No words needed
|April 16, 2015||Posted by Melinda under Uncategorized|
But of course I’ll use too many anyways.
Oh yeah. We did that.
Admittedly scrub pants and running shoes weren’t ideal for a first ride. But. When Amber suggested I get on what came out of my mouth of “YES”, instead of “YES, in fact I have almost-tights-stretchy-pants-in-my-car”.
I think we make a rather good pair together.
My mind is a bit blown right now – in a good way. This was a very different first ride then I have ever done on any other green horse. Amber saddled up and turned ML loose in the arena. It wasn’t structured roundpen work. Every 15-20 seconds ML would trot up to us to get her girth tightened and then casually get sent out again. After 3 or 4 times of that, the reins were snapped onto the halter and we moved to the mounting block.
For the first 5 minutes or so ML got to walk around the arena with the rider being a good passenger. She was free to walk, stop, sniff, explore on a loose rein. No micromanaging allowed. Some suggestions allowed, but it was a far cry from the ultra structured management I’ve done in the past with green horses, where the philosophy was to teach the horse that every single movement made under saddle was done only by permission.
The rest of the session was working on steering (reins on hooked to the halter only right now, even though she’s carrying a bit), stopping, backing, and lateral. The stopping is not drilled – rather it’s persistently and patiently requested until she relaxes and sighs and then we move again immediately. Unlike philosophies I’ve ridden under in the past, the focus is NOT “putting her back into the original place that she moved from” when she’s antsy and we are insisting on a halt. The attitude and relaxation during the halt is the point – not the location at this stage.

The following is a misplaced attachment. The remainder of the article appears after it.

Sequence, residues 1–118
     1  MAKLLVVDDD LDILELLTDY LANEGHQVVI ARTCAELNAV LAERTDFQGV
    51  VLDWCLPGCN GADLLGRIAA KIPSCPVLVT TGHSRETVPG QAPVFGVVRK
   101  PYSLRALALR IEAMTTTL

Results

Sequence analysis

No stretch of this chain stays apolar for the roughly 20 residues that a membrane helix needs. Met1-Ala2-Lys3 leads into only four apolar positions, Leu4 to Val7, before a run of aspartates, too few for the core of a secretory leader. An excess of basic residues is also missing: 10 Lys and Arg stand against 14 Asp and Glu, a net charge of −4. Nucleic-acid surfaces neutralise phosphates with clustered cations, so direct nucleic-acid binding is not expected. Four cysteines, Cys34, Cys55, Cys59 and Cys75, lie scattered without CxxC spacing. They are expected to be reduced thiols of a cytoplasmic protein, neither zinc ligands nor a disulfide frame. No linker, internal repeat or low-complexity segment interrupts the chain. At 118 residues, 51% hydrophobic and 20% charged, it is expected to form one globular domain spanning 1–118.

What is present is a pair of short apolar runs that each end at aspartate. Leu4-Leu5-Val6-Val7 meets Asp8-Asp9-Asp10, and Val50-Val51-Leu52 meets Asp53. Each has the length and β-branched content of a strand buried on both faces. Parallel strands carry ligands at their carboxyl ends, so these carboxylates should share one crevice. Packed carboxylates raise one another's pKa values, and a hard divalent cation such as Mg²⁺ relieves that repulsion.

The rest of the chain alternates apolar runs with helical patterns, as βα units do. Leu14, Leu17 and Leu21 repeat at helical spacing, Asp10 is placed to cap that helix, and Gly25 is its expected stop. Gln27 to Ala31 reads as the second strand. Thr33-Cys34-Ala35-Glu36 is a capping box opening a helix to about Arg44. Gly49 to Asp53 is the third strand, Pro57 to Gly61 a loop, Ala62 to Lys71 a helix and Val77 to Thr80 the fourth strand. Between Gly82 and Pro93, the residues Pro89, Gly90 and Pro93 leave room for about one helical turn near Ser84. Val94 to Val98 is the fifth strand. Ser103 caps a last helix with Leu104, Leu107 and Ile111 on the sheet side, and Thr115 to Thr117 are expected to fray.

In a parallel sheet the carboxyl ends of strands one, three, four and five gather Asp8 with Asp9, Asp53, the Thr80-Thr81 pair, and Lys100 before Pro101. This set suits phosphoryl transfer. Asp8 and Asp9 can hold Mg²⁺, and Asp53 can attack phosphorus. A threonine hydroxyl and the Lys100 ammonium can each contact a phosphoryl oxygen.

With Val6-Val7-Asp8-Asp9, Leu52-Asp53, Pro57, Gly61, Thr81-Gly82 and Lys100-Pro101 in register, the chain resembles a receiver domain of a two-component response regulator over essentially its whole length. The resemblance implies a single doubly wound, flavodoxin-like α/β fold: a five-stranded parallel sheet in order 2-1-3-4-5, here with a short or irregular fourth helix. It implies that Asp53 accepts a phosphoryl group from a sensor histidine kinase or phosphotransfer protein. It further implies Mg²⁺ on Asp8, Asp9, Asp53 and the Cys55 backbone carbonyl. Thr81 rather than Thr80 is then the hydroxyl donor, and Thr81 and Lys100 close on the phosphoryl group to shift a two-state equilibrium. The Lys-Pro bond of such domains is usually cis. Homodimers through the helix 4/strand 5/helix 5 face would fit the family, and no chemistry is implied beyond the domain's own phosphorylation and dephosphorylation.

I’m still processing the ride I had on ML – it was so different from past rides on green horses. She was 100% relaxed and not worried or tense or stressed. A lot of times when I ride a green horse I feel like they are rapidly using up their “good will” by choosing not to do a bunch of naughty things they want to do. They can only hold it together for so long before the stress of being good and obedient takes its toll.
In this case, ML seemed to enjoy the freedom and permission to explore the world with someone on her back. She wasn’t “trying to be obedient” or exercising self-control….she was just…being. It’s hard to describe. Here’s a simple example. There wasn’t a need to snatch the reins to lean down to smell poop piles because if she wanted to smell poop, she casually stopped and smelled poop for a sec. Curiosity satisfied, we moved on. Thus there was no stress associated with either getting a correction for something she wanted to do, or stress associated with her exercising self control NOT doing something she really did want to do.
No, we did not cling like monkeys’ to her back for the entire ride. When she offered a trot, she was told “thank you but not right now” gently. When she didn’t feel like halting and relaxing, the request was repeated until she relaxed. The point was made but a battle was not fought.
I think to ride a green horse like this takes a lot of trust in the preparation done up until that point. You really can’t get on the horse before it’s ready and just manage the problem when you are committed to being a good passenger for the first minutes of the ride. I’m getting an inkling that this sort of riding really helps preserve a young horse’s desire to work and to please. ML wants to be ridden because she gets something out of it, and much like Tess resented being micromanaged, I think both my horses appreciate the respect and trust of a little less micromanagement and a little more preparation to set them up for success.
Could I have ridden Farley the way I rode ML tonight? Maybe. A big maybe. I’m not sure Farley would have kept coming over to me for her girth to be tightened and to be mounted. In fact, there’s a fairly low probability. Would she have eagerly side stepped over to the mounting block? Umm…no. Would she have dashed off to oblivion the moment I was mounted and behaved soley as a passenger? Probably not. Especially in the arena. But, do I micromanage Farley too much in the beginning of our rides? Probably. Could I give her more responsibility to behave like a trusted mount at the beginning of our rides? Probably. Would this increase Farley’s satisfaction (and how much she looks forward to a ride)? Maybe. Worth experimenting with for sure.